Agreed, also many of the commercial and industrial sites in Tamworth are in face closer to Polesworth Station than Tamworth Station meaning it wouldn't be worthwhile for many commuters in Polesworth to take the train into Tamworth. Many people in Polesworth also work in Birmingham which a reopened Polesworth station would be useless for.
 

evergreenadam

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Commuters to Stoke perhaps, but commuters to Stafford, Crewe and Birmingham?
Exactly, my thoughts were that it would be of most use to those living on the southern and southern eastern suburbs of Stoke intending to travel to Stafford, Wolverhampton, Birmingham or beyond on the hourly service (who would otherwise need to spend abortive time traveling by road in the opposite direction to Stoke station to access the rail network).

Agree that a new station served by an hourly frequency would never compete for a short journey into a smaller city where the bus is more frequent and stops closer to home and right in the centre of town.
 

the sniper

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I have seen references upthread mentioning Bet 365 Stadium.

Could somebody tell me exactly what that is used for?
Do you consciously object to using Google and/or Wikipedia...? :p

Stoke football club plays there.
 
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thenorthern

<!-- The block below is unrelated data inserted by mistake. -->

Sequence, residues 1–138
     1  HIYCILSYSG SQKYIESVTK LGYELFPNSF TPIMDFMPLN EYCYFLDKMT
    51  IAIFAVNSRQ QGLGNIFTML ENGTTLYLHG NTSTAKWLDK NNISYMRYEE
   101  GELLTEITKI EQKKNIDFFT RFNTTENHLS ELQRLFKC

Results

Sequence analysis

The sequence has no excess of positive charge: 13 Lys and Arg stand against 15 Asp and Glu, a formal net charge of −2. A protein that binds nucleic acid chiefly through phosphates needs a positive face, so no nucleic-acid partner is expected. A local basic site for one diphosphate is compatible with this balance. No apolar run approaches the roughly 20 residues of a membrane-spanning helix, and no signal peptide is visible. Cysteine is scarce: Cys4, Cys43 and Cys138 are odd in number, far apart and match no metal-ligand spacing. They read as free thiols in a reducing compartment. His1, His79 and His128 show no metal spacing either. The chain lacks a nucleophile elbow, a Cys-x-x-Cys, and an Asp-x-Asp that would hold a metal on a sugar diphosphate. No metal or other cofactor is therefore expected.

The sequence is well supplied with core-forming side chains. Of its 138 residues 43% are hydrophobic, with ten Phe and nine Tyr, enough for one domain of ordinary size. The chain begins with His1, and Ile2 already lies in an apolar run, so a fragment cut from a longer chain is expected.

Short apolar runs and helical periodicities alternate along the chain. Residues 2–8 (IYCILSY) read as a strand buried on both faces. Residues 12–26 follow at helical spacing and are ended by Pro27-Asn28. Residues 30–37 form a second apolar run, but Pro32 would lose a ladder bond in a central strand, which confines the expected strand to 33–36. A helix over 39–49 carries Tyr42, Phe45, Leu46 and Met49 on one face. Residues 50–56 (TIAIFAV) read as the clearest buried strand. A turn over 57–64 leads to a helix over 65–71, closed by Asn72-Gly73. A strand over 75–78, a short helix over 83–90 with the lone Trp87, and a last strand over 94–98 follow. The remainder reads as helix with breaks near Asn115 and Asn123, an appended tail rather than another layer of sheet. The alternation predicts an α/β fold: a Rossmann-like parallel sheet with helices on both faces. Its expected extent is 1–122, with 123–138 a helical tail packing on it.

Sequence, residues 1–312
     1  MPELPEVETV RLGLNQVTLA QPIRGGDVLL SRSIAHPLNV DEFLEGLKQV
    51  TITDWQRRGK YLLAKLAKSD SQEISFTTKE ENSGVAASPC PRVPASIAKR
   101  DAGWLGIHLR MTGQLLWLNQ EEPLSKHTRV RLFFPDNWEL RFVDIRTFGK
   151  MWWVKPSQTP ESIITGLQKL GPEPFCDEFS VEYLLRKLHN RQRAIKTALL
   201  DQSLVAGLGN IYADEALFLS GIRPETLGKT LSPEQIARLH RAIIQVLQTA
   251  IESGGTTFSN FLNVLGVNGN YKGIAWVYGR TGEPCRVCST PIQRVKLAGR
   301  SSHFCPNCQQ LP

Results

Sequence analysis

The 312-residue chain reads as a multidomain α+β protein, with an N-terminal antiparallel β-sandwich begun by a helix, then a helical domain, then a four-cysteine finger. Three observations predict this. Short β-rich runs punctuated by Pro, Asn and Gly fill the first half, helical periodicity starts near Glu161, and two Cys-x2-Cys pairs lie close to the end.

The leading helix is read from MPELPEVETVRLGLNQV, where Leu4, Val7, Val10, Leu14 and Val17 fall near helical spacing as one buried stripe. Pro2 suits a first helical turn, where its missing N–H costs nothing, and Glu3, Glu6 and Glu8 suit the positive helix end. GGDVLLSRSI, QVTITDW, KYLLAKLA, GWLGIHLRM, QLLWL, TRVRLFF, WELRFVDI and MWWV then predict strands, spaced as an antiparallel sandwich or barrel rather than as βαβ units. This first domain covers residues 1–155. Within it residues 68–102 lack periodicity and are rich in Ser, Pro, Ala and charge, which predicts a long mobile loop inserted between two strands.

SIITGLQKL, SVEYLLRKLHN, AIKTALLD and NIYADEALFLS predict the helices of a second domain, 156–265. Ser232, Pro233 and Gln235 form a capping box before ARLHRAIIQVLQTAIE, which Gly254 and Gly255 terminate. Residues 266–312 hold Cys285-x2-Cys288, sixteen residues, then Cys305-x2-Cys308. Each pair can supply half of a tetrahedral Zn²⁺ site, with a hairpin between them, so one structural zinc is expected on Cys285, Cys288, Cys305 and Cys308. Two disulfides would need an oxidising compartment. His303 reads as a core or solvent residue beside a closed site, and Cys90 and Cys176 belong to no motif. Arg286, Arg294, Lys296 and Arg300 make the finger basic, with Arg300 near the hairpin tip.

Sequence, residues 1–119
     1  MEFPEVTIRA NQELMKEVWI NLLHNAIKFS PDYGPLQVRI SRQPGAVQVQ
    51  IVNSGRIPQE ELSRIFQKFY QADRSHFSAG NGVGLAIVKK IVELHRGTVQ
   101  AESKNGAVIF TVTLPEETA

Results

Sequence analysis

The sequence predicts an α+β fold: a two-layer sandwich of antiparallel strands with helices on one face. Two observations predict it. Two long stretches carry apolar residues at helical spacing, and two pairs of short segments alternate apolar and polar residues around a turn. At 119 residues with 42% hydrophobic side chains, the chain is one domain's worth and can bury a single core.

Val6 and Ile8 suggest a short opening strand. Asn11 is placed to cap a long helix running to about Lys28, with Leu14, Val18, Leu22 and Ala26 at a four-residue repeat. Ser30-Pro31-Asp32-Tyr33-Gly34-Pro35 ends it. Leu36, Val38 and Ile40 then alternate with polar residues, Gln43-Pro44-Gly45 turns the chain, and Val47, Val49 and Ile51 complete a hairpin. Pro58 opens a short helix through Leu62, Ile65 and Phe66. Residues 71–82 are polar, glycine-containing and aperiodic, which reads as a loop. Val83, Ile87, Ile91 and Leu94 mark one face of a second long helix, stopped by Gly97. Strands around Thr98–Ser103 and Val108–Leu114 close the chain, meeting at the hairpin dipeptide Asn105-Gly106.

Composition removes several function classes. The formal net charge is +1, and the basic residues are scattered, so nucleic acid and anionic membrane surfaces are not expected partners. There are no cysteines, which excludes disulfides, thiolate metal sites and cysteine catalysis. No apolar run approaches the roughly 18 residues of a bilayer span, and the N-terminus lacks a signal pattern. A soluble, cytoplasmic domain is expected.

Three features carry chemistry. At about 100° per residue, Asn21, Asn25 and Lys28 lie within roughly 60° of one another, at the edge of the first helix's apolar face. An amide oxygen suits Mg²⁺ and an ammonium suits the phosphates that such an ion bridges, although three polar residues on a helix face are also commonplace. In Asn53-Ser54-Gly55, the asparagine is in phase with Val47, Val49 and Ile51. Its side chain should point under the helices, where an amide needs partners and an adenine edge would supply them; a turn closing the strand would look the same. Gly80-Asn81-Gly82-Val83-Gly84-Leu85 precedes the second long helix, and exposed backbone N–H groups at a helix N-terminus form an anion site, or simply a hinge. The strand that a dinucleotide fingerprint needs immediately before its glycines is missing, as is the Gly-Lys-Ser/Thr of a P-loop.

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I have seen references upthread mentioning Bet 365 Stadium.

Could somebody tell me exactly what that is used for?
Do you consciously object to using Google and/or Wikipedia...? :p

Stoke football club plays there.
The new "official" name for the Britannia Stadium in Stoke-on-Trent home of Stoke City. Most Stoke fans I know however still call it Britannia Stadium or The Brit.

Exactly, my thoughts were that it would be of most use to those living on the southern and southern eastern suburbs of Stoke intending to travel to Stafford, Wolverhampton, Birmingham or beyond on the hourly service (who would otherwise need to spend abortive time traveling by road in the opposite direction to Stoke station to access the rail network).

Agree that a new station served by an hourly frequency would never compete for a short journey into a smaller city where the bus is more frequent and stops closer to home and right in the centre of town.
An interesting idea, railways in The Potteries are rather poor compared to most urban areas with only 3 of the 6 towns that make up Stoke-on-Trent are served by anything (Stoke Town, Longton and Burselm which is served by Longport) and the main town Hanley isn't served by anything neither is Newcastle-under-Lyme so more trains would be an advantage in the city.
 

adrock1976

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What's it called? It's called Cumbernauld
Thanks for clarifying.

I thought it was a new stadium recently built in the Potteries region.

I remember when Stoke City left Victoria Park, the new stadium was called Britannia Stadium.

As you can tell when it comes to football grounds, I do not recognise all this corporate bo11ocks that goes on nowadays. For example, Arsenal's present ground is officially called Ashburton Grove, as that what the planning documents submitted to Islington Council were at the time, and also me not recognising the branding of the stadium by an organisation that has vested interests in a government that I had no part in electing/legitimising that has an appalling human rights record.